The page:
4) Journalism/ Storytelling Skills: With buyers getting the majority of their information from the web and with sales enablement increasing in priority, there’s no end to the need for juicy, targeted content. David Meerman Scott suggests that we hire trained journalists. Our customer segments and our eco-systems would be their “beat” – listening for stories, mashing them with our messages and placing fresh, relevant, content within the conversation.

5) Process Design Skills: Marketing automation is just beginning to penetrate its market. Forrester says it’s less than 5% adopted. As anyone who has been part of a re-engineering effort can attest, it’s not the automation that increases productivity. It’s the process changes that automation enables and enforces. Deploying marketing automation will require skills such as process modeling, project management, the ability to train and manage change, as well as ease with technology.

6) Data/ Analytics Skills: Technology captures and makes available enormous amounts of data about buyer and seller behavior. What does it all mean? Two of the most valuable uses of data are the ability to reveal a buyer’s “digital body language“, as Eloqua’s Steven Woods’ new book discusses, as well as the ability to closely link marketing performance to business performance. Real data about customer behavior and real ties to revenue promise marketing leadership a bigger seat at the executive table.

7) Design Thinking Skills: CEO’s want to know, “how can I make my company more innovative?” In addition to R&D, marketing would be a natural place to source talent. In his new book, Change by Design, Tim Brown, CEO of design shop IDEO, talks about how leading companies are tapping into right-brain tricks that those schooled in the arts practice, such as brainstorming, role-playing and scenario-building (see his TED talks here).

8) Domain Expertise: Customers don’t care about our products. They care about themselves and their problems. Building a bridge between our products and the customer’s care-abouts requires knowledge of both realms.”

Sales Enablement in a nutshell

Sandeep Pandit asked the following question about Sales Enablement on LinkedIn Answers and got the great answers below:

“What are the best practices of Sales Enablement? Also please list down the activities which are required to enable Sales in IT industry.
Sales Enablement is the fine art of enabling Sales function with the tools, knowledge, resources and processes so that Sales community can go and book orders, get the same delivered and subsequently be ready to service it.”

Garry Mansfield:

“[…] Each aspect is focused on providing the customer facing teams with the material to have a real conversation with the target customer. They may be the CEO or a telecoms manager but all of them will likely be involved in the buying decision and will talk. Therefore consistency in the message is key and you should invest time to get this message clear and relevant.

From my experience the materials that helps most are those that give confidence in those conversations; this can come in the form of training, collateral, fact sheets, account planning, deal/opportunity strategy etc. Ultimately the value of what you are offering needs to be expressible in terms that the customer would understand, recognise and be able to act on.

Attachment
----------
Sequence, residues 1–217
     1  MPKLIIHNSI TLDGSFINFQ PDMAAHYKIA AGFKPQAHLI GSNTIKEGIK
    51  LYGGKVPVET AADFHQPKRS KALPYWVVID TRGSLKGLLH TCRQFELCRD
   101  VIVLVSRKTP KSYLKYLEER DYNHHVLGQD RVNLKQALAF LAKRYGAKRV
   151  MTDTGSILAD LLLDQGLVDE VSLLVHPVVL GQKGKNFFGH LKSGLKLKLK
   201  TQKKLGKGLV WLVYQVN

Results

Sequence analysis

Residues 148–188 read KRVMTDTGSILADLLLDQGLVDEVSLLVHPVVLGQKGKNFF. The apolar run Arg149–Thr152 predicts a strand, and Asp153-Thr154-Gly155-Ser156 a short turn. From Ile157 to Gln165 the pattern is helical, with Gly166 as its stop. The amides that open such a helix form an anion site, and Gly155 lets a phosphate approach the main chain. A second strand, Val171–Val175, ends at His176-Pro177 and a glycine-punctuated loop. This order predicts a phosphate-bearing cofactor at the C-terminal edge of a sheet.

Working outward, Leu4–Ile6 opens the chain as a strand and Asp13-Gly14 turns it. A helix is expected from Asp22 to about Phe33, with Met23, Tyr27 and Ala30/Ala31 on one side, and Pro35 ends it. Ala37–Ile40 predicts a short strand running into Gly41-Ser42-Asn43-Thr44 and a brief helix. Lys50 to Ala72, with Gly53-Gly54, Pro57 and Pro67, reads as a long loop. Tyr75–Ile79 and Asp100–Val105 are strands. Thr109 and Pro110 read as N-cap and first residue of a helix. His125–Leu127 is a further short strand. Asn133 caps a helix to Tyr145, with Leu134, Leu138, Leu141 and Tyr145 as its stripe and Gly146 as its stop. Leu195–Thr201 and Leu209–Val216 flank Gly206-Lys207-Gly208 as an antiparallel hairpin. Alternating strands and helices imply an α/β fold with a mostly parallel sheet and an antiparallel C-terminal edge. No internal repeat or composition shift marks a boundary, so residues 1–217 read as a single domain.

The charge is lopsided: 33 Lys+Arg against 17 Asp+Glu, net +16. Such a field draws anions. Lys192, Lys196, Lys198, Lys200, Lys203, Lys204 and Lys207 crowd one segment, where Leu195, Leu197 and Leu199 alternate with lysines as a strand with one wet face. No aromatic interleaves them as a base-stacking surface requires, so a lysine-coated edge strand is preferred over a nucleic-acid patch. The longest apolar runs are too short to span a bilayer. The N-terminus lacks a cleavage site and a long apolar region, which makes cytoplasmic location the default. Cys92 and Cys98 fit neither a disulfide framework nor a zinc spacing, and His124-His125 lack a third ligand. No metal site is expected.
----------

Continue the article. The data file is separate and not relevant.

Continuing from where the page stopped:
A clear description and information on customers likely issues will help the client facing teams to engage in conversations to understand the customer better. they can then probe further for evidence and supporting facts to build an offer that is more compelling.

Also, a clear articulation of what you do, backed with the SO WHAT? answers and suitable proof points will also help to build credibility with the client.

When I speak with clients and buyers, each of them say the same thing. Broadly there are three stages to the buying process:

  1. you have to help the customer to understand that they have a problem that can be solved. and it is important enough to invest resources in to fix.
  2. you have to help the customer to explore the options available to them in solving the problem and demonstrate why the option you have is best suited to their need.
  3. you have to prove that your organisation is best placed to deliver this option in the competitive marketplace. […]”

Bob Apollo:

“[…] Sales enablement is – as you’ve no doubt concluded – a critical success factor for B2B companies. I’d suggest that there are four key elements that need to be mastered:

  1. Clarity about who your best prospects are and how to recognise them
  2. A deep understanding of the business issues that are likely to cause them to take action
  3. Clear insights into the sources of information they trust when they start researching solutions
  4. A profound appreciation of their decision making process and how and why they choose to buy

In my experience, it is critical that sales and marketing work together in a truly collaborative fashion to develop a common agreement and a common language in each of these areas.

If you can develop a clear picture of the buying decision process that your prospects go through, you’ll be in great shape to create the tools and programs that are going to have the most impact on facilitating the buying process.

You’ll also avoid the huge amount of wasted effort that most companies put into the creation of sales and marketing deliverables that at the end of the day have no impact what so ever the on chances of a prospect buying the solution. […]”